Poems of Yu Xuanji
For the Girl Next Door
(Written to send to Official Li Yi)
Embarassed in the sunlight, you hide your fine sleeves.
Grieved in the springtime, you listlessly make up your face.
It is easy to search for the priceless gift
But hard to have the heart of a man.
On your pillow, you hide your falling tears.
Amid the flowers, you are dulled by a broken heart.
In yourself, you can spy the precious jewel.
Why must you be sad over what is honorable and good?
This appears to be a parting poem sent back to her husband after she has left him, around 863. I say "left him" because becoming a Daoist nun is becoming a home-leaving person (出家人). Yu Xuanji is said to have been a Daoist nun and in this poem she seems, to me, that she expresses herself in a Daoist way. She appears to have wanted something higher than fine clothes, makeup, a man's heart. She frames this as a letter to herself from a near observer. But the second verse could also be about the sadness of her husband at her leaving. Imagine being a man in love with a talented woman who leaves you to be a nun, knowing that what you had to offer her was not what she valued in her heart, knowing that she even loves you. I think they are sad together. So we have quite a sophisticated poem where, through eyes outside her own life, she explains herself and acknowledges a mutual sadness.
Of course, one could presuppose that she was the one cast off as a wife or concubine. That she sought refuge as a Daoist nun. That women are dependent and inferior. And so on. But I don't think her choice of words or the arc of her life will bear this out. When someone produces enduring art, they are extraordinary. It is a false mind that seeks to turn them ordinary again.
Let's create what I call a least-true timeline for Yu Xuanji. Least-true means that her points on the timeline have some measure of truth but could be universally wrong. They won't be though, as you will see by the end of her translations. The value of this is that it let's us map references to the world in her poetry into some relation with this timeline. How much this works depends on what she puts in her poetry. It was fruitful with Li Ye and Xu Hui. And we have over twice as many poems total for Yu Xuanji.
812: Poet Wen Tingyun (courtesy name: Fei Qing) born. Yu wrote poems to him later.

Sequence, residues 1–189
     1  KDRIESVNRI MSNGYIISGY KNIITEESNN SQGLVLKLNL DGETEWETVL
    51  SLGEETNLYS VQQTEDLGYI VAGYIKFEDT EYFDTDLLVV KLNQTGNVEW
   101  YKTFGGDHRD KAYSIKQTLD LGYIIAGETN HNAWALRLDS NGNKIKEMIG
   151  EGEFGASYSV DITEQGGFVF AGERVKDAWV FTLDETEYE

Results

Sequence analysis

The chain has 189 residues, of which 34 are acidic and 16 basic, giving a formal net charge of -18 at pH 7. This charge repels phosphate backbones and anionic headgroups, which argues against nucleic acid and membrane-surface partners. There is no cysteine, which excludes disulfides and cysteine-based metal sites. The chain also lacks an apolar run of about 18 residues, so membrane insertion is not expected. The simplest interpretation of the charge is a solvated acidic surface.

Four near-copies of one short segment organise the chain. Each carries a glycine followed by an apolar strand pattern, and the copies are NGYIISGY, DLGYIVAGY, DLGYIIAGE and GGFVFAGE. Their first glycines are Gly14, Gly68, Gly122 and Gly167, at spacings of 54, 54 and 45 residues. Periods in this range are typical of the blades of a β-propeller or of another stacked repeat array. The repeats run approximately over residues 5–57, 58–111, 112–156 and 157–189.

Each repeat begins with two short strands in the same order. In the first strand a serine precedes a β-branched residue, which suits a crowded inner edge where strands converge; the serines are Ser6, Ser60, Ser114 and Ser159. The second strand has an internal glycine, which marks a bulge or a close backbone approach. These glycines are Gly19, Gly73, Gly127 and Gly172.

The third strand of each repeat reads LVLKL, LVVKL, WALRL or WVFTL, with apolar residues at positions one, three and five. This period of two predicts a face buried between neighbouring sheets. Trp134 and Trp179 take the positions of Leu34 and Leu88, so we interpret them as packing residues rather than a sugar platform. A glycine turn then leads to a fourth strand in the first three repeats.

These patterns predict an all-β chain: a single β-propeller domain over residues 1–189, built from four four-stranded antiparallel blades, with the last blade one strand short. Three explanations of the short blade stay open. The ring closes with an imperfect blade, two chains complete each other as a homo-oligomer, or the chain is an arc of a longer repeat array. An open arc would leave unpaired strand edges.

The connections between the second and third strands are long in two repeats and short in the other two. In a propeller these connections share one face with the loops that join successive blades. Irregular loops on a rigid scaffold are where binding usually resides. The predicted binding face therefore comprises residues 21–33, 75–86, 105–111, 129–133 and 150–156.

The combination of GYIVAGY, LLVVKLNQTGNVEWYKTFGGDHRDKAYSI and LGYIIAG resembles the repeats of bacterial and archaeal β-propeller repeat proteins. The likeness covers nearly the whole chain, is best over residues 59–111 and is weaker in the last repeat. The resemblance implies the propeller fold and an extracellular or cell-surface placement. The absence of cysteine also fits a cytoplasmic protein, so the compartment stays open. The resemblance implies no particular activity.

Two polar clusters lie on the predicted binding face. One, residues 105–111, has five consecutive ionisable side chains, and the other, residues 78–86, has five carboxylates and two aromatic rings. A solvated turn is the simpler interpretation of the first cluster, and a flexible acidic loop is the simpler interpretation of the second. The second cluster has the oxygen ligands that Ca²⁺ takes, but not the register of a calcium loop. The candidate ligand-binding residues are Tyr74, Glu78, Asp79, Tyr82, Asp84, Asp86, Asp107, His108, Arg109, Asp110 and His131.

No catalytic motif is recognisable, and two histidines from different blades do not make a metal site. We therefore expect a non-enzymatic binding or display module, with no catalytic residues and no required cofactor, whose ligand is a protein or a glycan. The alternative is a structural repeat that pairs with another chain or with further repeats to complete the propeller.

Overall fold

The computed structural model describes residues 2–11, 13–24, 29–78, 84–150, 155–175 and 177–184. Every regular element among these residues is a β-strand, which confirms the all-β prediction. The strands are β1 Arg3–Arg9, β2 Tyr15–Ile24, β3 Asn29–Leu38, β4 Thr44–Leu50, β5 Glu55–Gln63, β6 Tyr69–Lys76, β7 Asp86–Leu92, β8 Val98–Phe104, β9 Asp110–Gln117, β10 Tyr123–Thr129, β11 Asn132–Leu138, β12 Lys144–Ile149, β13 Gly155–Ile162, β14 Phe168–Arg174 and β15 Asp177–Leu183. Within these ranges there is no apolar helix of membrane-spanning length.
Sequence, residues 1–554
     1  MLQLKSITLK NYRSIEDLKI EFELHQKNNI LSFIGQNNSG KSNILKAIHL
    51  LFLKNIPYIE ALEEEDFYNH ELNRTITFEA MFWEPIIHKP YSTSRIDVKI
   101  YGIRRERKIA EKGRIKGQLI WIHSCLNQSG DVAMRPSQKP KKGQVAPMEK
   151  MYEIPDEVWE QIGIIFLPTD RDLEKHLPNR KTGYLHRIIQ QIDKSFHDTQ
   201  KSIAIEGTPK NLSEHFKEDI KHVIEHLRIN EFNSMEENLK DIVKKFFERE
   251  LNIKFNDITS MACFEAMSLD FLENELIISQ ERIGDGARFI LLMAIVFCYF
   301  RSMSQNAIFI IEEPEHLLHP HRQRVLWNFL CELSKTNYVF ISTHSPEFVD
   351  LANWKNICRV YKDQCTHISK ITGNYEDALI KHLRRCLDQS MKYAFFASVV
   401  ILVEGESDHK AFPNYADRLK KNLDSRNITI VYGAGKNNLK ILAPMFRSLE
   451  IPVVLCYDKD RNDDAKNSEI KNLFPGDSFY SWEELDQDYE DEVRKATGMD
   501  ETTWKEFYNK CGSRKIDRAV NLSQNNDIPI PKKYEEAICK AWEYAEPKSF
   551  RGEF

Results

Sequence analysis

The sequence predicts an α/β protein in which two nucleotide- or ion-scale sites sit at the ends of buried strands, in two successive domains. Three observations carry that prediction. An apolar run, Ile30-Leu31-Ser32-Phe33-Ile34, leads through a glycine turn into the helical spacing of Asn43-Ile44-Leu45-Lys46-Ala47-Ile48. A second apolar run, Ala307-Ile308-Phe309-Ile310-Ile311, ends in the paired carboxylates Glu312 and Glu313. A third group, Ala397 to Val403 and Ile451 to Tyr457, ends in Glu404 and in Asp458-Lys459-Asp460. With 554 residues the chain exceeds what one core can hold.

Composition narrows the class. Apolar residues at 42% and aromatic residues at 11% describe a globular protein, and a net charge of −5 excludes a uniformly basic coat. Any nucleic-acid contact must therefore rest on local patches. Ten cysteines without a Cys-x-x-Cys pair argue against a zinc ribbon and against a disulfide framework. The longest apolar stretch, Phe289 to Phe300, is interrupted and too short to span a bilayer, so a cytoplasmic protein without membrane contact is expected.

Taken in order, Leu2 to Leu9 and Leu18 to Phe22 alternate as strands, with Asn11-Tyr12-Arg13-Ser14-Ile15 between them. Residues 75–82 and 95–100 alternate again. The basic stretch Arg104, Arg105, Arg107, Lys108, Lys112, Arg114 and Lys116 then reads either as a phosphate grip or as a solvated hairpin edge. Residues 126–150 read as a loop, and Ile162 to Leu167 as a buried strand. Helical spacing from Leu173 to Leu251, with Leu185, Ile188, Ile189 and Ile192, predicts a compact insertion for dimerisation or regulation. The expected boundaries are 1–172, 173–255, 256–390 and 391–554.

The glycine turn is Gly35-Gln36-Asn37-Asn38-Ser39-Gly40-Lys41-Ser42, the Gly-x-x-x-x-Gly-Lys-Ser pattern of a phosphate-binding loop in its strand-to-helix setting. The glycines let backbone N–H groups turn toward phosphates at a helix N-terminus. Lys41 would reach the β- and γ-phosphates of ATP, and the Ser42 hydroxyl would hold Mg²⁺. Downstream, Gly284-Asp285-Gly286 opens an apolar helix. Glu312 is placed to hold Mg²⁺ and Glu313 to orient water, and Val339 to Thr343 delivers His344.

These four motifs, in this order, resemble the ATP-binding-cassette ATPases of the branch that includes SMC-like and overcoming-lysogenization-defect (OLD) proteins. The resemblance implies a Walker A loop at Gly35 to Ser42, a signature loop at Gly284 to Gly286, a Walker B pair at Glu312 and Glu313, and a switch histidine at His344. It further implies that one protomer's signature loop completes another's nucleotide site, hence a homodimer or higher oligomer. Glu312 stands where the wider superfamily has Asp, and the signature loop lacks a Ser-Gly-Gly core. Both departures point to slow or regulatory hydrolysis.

839: Earliest suggested date for Yu Xuanji's birth. But no reason given for it that I can find.
844: Yu Xuanji born by now. Emperor Wuzong reunites kingdom by defeating the last of the rebellious circuit governors.
846: Wuzong dies of cinnabar poisoning. His idiot uncle is chosen by the eunuchs to be emperor. Emperor Xuanzong II turns out to be no one's idiot.
848: Xuanzong begins reconquest of revolted Tufan region (Gansu, Ningxia, some of Sichuan).
851: Tufan reconquered.
859: Xuanzong dies of cinnabar poisoning. Xuanzong's oldest son, Yizong, ascends the throne. Nanzhao's king Qiulong revolts and declares himself ruler of the new kingdom, Dali. Yizong responds in force.
860: Yu Xuanji marries at 16 to imperial official Li Yi (courtesy name: Zi An). Wen Tingyun is 48. Dali war continues. Yizong descends into drunkeness, debauchery, extravagance, and Buddhist piety.
863: Yu Xuanji single again. She is 19. She takes Daoist orders.
865: Yizong's bad judgment leads to mutiny of Xichuan officers who then join Qiulong.
868: Yu Xuanji will have finished studying under her master (Ti? Guo Xiang?) by now. Mutiny of Xusi circuit (Jiangsu, Guangxi) against the throne.
869: Mutiny in Xusi put down. Dali invades Dingbian and Xichuan.
870: Wen Tingyun dies, age 58. Yu is 26. Some scholars have her dead by now.
871: Yu Xuanji publishes her collected works, now lost, Fragments of a NorthernDreamland. We don't know when she did this. But it can't be later than this.
872: Yu Xuanji dies by now, age 28. No data points to her living beyond this date.
That's all we have: some accurate historical guide points and Yu's birth, death and marriage dates which are all sketchy. (Further dates have been added from what is learned in the poems.) The only data beyond what we have here is stinky bad data taken from the National Enquirer equivalent of the Song dynasty. Everyone, scholars and amateurs, agree the data is bad. Everyone uses it. Scholars footnote it into published papers. Sad, sad, sad. Even sadder are the plethora of authors and translators who absurdly embellish the bad data. There are even two or three bad novels out there based on her "life's story," which in truth consists of three sketchy dates. Oh, your god....
For the record, I use the stinky bad data for her single-again date. She has to be single again sometime after 860 and she's dead by 872. This date of 863 gives her only nine years to accomplish the rest of her life. So in a least-true sense, it's a reasonable choice. Not another mite of bad data will be used in these pages.